It’s been a good month for inventive magazine advertising, and Toyota continues that with a very cute execution in The Fader, featuring a flip book style animation across 30 editorial pages—showing the C-HR spinning around the page numbers and then driving off the page entirely, leaving a fuchsia trail behind it.
The ad appears in The Fader’s fall print issue, which hit newsstands on Halloween. (The cover stars are Kelela and YoungBoy Never Broke Again.) The animation leads to a full-page print ad, also heavy on the fuchsia, touting the impressive new crossover as a car with “good looks” and “bad intentions.”
Here’s how the ad looks in the lower-right corner of the pages:
Toyota and its agency, Saatchi & Saatchi, brought the idea for the execution to The Fader, which is known for its culturally diverse millennial audience and its focus on art, design and printed matter, Fader president and publisher Andy Cohn told AdFreak.
“We still have our print product, so why not continue to try to do fun things with it?” Cohn said, adding that Fader editor in chief Duncan Cooper was very involved with the Toyota creative team in bringing the execution to life. “We’d never done something like this on regular editorial pages, so we wanted to be careful with what the page design was. We wouldn’t want to have the car racing over a photographer’s image. We had to be careful with how we laid the book out.”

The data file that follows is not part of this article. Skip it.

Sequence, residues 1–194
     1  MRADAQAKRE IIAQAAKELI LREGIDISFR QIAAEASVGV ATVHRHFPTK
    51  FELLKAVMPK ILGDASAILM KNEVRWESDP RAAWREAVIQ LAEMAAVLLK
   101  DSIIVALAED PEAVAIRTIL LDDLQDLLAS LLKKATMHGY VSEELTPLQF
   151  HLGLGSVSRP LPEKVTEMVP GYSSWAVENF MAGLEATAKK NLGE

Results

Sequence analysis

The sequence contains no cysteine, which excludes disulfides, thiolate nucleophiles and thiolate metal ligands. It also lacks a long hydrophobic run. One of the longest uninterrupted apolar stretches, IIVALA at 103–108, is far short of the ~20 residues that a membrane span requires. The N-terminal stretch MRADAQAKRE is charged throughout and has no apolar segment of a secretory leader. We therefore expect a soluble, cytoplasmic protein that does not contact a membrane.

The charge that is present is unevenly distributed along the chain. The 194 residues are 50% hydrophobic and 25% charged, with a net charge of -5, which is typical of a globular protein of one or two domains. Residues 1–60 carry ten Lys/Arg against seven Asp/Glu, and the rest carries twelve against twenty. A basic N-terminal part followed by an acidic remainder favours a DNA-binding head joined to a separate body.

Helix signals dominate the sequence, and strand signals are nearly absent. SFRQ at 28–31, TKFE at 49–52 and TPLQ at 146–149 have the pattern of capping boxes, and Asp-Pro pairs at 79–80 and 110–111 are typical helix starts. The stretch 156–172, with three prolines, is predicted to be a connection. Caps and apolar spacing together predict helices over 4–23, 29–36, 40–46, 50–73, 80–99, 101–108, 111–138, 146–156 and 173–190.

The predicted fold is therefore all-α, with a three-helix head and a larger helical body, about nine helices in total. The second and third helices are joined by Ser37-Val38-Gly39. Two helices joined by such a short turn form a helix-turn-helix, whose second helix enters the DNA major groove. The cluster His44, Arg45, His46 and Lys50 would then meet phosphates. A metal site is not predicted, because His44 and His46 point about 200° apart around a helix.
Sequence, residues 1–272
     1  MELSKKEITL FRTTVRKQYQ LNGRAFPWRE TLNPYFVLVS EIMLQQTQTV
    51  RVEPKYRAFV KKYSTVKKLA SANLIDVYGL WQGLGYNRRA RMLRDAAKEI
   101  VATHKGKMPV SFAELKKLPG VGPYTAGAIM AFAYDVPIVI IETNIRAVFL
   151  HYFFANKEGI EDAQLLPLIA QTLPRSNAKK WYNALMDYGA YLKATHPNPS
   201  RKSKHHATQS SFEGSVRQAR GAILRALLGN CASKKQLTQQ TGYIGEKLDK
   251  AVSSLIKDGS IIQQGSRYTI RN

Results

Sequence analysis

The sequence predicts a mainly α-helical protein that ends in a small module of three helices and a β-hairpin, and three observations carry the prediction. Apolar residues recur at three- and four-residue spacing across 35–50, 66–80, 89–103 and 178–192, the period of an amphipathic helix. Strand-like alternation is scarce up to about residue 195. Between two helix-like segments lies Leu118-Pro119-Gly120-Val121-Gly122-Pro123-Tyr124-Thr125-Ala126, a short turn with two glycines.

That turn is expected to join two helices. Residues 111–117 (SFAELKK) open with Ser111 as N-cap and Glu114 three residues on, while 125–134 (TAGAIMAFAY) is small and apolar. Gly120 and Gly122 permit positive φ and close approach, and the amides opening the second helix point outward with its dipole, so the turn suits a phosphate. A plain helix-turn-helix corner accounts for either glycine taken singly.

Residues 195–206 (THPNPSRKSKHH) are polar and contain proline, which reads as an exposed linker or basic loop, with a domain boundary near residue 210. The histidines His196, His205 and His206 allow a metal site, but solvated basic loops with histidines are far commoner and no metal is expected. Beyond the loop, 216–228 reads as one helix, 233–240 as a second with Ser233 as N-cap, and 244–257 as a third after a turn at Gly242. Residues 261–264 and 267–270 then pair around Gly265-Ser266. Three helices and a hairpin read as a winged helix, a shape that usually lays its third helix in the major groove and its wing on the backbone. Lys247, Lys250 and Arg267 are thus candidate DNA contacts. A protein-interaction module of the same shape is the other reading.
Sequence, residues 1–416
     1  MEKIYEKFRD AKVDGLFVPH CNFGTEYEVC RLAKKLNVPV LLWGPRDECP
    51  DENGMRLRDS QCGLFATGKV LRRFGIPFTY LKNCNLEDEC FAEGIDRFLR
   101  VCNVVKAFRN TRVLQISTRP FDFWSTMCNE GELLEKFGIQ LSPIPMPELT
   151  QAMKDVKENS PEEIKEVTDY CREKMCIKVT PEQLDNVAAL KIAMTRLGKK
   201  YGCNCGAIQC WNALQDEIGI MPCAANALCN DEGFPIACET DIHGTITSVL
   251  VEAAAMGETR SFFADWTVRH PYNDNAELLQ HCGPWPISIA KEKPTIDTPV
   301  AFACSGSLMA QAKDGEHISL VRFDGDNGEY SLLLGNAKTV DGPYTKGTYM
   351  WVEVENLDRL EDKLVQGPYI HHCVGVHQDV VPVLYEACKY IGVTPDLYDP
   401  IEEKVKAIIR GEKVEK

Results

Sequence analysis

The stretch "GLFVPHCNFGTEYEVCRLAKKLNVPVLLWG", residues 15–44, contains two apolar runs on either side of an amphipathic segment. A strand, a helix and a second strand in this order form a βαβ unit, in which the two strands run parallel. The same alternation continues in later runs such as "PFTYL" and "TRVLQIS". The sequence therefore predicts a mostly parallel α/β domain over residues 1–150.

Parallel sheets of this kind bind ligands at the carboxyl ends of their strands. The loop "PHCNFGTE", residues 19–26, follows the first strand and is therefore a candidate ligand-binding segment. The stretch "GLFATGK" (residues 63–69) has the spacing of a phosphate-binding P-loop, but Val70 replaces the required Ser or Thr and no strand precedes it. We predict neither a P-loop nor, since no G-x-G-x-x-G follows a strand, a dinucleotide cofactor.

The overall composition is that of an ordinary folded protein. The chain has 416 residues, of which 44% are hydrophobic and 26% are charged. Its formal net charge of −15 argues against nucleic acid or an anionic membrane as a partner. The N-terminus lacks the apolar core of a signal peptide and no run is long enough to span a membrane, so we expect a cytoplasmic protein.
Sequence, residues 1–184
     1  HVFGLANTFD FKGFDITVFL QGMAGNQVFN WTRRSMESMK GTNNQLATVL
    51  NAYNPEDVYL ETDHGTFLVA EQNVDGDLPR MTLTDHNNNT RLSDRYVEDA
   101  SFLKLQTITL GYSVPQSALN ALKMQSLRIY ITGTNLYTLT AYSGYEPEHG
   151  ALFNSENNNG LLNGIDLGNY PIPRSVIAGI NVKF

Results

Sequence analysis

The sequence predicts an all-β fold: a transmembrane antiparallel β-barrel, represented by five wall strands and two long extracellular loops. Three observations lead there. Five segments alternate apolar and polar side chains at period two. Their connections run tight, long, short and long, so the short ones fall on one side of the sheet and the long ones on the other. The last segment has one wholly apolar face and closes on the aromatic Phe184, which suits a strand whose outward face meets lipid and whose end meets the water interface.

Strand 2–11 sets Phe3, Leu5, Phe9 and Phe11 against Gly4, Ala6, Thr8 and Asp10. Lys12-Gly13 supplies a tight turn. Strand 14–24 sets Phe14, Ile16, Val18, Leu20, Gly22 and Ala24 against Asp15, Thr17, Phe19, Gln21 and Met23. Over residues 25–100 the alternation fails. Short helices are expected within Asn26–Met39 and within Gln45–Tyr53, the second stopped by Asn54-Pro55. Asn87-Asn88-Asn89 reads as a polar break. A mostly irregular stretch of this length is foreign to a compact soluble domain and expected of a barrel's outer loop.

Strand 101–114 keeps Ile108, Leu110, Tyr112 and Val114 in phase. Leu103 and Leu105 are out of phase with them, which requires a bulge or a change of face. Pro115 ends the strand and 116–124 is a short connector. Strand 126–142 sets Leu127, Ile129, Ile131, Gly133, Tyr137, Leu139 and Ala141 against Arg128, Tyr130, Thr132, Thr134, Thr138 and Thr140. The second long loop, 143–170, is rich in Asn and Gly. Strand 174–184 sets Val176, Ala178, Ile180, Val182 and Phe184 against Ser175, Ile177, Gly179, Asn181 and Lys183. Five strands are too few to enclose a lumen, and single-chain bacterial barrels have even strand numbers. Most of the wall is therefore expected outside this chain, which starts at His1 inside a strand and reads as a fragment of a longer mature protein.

The ad isn’t introduced in any way within the pages.
“It’s the kind of thing you just want people to discover,” said Cohn. “Like, hey, there’s a car driving around the page number on this page, and it’s on the next page, and it looks like it’s moving. Most people catch on pretty quickly.”
Nancy Inouye, national media manager at Toyota Motor North America, said the C-HR is a special vehicle that deserved a special execution.
“We wanted to do something unique and fun that plays to the nature of the new Toyota C-HR—a uniquely styled vehicle that exemplifies the sentiment of mischief, creativity, curiosity and is eye-catching,” she said.
The Fader was the right partner, she added, because the “personality and content of the magazine, which is all about music, style and culture, aligns well with the Toyota C-HR millennial target audience. Even the paper stock the magazine is printed on made this execution ideal and much more feasible.”
The animation style is playful and artful, which Cohn said also fits well within The Fader’s visual universe. “We wanted it to feel like it matched at least some of the aesthetic of the magazine,” he said. “We do tons of graphic design, and feature lots of graphic artists. It felt very in line with the aesthetic.”
The product was right, too. “If it was a Toyota minivan, I don’t think it would have worked out,” Cohn added with a chuckle.
It was a premium priced ad unit—because of the heavy lift in production, as well as the potential added PR value of the piece.
“When you start having to dedicate a lot of internal time and resources to the creative of editorial pages, there’s a cost that comes with that,” Cohn said. “We tried to keep it within a normal range, but it was priced pretty aggressively for what it was.”
See the full-page flip below: